of course the users wouldn't stick the password on a post-it (tm) note on
their monitor.

"jonigr" <jo****@discussions.microsoft.comwrote in message
news:FB**********************************@microso ft.com...
>I wrote a simple VB.NET application that imports and edits CSV files.

Now I'd like to "lock" the raw (pre-import) CSV files so these cannot
be
opened separately. It is not high-sensitive data, I just don't want
folks
to
peek in the files.

So time-consuming encryption is not necessary, just a simple
password-to-open that I can program in my application so it internally
opens
the imported CSV file would be perfect, but I can't get it done. In
fact
it
seems difficult to password-protect a CSV file in any way.

The pre-import CSV's are delivered as ZIP's, so I thought about
password-protecting the ZIP files and importing and unzipping these
within
my
program, but this would seem much more challenging (if at all possible)
especially for an inexperienced programmer like me.

Any tips, pointers, ideas are highly appreciated. Thanks!



Feb 25 '07 #6

P: n/a
Hello jonigr,
Now I’d like to “lock” the raw (pre-import) CSV files so these cannot be
opened separately. It is not high-sensitive data, I just don’t want folks to
peek in the files.
You could ZIP them. ZIP archives also support password protection.
The pre-import CSV’s are delivered as ZIP’s, so I thought about
password-protecting the ZIP files and importing and unzipping these within my
program, but this would seem much more challenging (if at all possible)
especially for an inexperienced programmer like me.
The easy solution would be to call a DOS ZIP archiver (via Shell
function) and provide the required data (File name, archive name, password).

Best regards,

Martin
Feb 25 '07 #7

P: n/a
jonigr,
The pre-import CSV’s are delivered as ZIP’s, so I thought about
password-protecting the ZIP files and importing and unzipping these within
my
Have you considered a .NET 3.0 "Package"? Aka an Office 2007 .xlsx file?

http://msdn.microsoft.com/msdnmag/is...s/default.aspx

http://msdn2.microsoft.com/en-us/lib...packaging.aspx

http://www.microsoft.com/downloads/d...displaylang=en
..NET 3.0 & Office 2007 are adopting the "Package" as a standard file format.
What is a "Package" you ask? Its little more then a specifically formatted
Zip file. In other words its a zip file that contains a specific structure &
some specific files. Office 2007 files are packages (zip files) that contain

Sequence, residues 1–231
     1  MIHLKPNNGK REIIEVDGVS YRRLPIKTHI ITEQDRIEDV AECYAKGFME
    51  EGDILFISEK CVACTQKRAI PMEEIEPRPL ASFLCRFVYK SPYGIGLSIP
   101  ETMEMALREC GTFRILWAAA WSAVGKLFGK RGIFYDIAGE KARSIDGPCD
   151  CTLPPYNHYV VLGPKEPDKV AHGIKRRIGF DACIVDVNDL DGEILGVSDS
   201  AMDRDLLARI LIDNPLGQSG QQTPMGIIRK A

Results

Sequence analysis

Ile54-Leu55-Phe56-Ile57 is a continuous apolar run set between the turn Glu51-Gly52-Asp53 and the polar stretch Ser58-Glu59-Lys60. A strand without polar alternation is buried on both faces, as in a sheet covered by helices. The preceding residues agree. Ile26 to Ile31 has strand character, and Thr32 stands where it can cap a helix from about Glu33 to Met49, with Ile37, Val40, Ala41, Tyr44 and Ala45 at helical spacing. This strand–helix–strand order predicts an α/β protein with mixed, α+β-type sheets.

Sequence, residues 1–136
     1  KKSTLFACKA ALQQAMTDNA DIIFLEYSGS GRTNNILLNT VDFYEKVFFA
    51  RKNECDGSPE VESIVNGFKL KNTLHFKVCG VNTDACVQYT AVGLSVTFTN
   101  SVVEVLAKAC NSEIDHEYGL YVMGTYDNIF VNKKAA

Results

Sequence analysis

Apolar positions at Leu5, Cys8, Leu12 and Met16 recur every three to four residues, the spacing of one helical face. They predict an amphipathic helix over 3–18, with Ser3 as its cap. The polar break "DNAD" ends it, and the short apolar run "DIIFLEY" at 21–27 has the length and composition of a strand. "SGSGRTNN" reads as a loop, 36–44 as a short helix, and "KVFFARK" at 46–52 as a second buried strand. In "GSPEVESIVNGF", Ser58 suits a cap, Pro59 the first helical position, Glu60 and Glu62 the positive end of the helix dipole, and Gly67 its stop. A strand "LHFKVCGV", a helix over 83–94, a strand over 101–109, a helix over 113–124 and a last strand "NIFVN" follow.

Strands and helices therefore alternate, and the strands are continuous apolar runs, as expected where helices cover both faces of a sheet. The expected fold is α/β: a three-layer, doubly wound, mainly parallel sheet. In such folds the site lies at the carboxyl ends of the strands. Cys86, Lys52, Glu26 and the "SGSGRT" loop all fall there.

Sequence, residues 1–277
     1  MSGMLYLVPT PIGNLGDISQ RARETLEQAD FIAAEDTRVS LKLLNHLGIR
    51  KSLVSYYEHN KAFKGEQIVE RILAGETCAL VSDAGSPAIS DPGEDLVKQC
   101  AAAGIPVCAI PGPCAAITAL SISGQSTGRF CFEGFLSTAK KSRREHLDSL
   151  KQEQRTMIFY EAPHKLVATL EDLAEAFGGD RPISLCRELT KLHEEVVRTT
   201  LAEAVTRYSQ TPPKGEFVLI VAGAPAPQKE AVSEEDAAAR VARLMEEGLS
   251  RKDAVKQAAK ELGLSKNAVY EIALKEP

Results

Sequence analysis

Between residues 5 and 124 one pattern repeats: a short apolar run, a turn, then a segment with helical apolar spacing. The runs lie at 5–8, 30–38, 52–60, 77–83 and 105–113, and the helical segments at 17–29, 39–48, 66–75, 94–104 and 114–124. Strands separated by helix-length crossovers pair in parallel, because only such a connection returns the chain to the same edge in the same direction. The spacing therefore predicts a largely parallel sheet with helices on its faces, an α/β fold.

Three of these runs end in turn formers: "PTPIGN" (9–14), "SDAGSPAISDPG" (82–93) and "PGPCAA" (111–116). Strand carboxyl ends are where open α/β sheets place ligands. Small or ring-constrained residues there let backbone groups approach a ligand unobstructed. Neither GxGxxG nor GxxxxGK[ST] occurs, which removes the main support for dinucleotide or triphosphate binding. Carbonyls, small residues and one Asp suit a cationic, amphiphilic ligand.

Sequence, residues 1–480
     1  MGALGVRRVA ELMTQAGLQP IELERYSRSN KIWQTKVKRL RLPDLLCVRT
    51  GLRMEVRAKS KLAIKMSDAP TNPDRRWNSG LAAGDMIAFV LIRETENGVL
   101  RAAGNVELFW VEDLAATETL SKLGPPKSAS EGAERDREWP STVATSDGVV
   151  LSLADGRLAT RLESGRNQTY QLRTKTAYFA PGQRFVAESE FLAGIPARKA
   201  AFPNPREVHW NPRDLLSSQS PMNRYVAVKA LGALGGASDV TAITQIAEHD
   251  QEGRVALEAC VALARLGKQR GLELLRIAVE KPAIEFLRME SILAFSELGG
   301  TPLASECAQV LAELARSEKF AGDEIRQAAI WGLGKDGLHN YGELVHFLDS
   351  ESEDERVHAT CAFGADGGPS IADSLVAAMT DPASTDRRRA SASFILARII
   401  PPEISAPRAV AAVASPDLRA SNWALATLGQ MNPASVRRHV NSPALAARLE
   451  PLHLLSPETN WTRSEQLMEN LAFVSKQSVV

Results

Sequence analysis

XML documents.

What is .NET 3.0 you ask? .NET 3.0 is a full superset of .NET 2.0 that is
included with Windows Vista. .NET 2.0 programs run unaffected as .NET 3.0
adds new namespaces & types to existing .NET 2.0 installations.
I was under the impression, but have not verified it, that you can use the
System.IO.Packaging namespace to open a plain ZIP file. Something that I
will try this morning & report back on. If System.IO.Packaging cannot read
plain zip files, you should be able to use this converter to save the xls as
an xlsx file:

http://www.microsoft.com/downloads/d...displaylang=en
--
Hope this helps
Jay B. Harlow [MVP - Outlook]
..NET Application Architect, Enthusiast, & Evangelist
T.S. Bradley - http://www.tsbradley.net
"jonigr" <jo****@discussions.microsoft.comwrote in message
news:FB**********************************@microsof t.com...
>I wrote a simple VB.NET application that imports and edits CSV files.

Now I’d like to “lock” the raw (pre-import) CSV files so these cannot be
opened separately. It is not high-sensitive data, I just don’t want folks
to
peek in the files.

So time-consuming encryption is not necessary, just a simple
password-to-open that I can program in my application so it internally
opens
the imported CSV file would be perfect, but I can’t get it done. In fact
it
seems difficult to password-protect a CSV file in any way.

The pre-import CSV’s are delivered as ZIP’s, so I thought about
password-protecting the ZIP files and importing and unzipping these within
my
program, but this would seem much more challenging (if at all possible)
especially for an inexperienced programmer like me.

Any tips, pointers, ideas are highly appreciated. Thanks!
Feb 25 '07 #8

P: n/a
=?Utf-8?B?am9uaWdy?= <jo****@discussions.microsoft.comwrote in
news:FB**********************************@microsof t.com:
So time-consuming encryption is not necessary, just a simple
password-to-open that I can program in my application so it internally
opens the imported CSV file would be perfect, but I can Tt get it
done. In fact it seems difficult to password-protect a CSV file in any
way.
CSVs have no password protection so you'll need to implement some sort of
security layer.

How about zipping the file with a password. Unzip to read?

You can use something like SharpZipLib to compress (very easy to use).
Feb 25 '07 #9

P: n/a
Allow me to address all great advice in this one post.

In following the various leads I found KB article 301070 using
System.Security.Cryptography Namespace that Tom mentioned and has code ready.
I honestly didn't go in-depth but the fast encrypted file looks like absolute
total garbage. Great! More than enough to scare the hell out of my average
user, never mind the pro hackers.

I will look into the ZIP possibilities suggested, this could be an
alternative.

Jay, thanks for mentioning the "Package" format, totally new to me.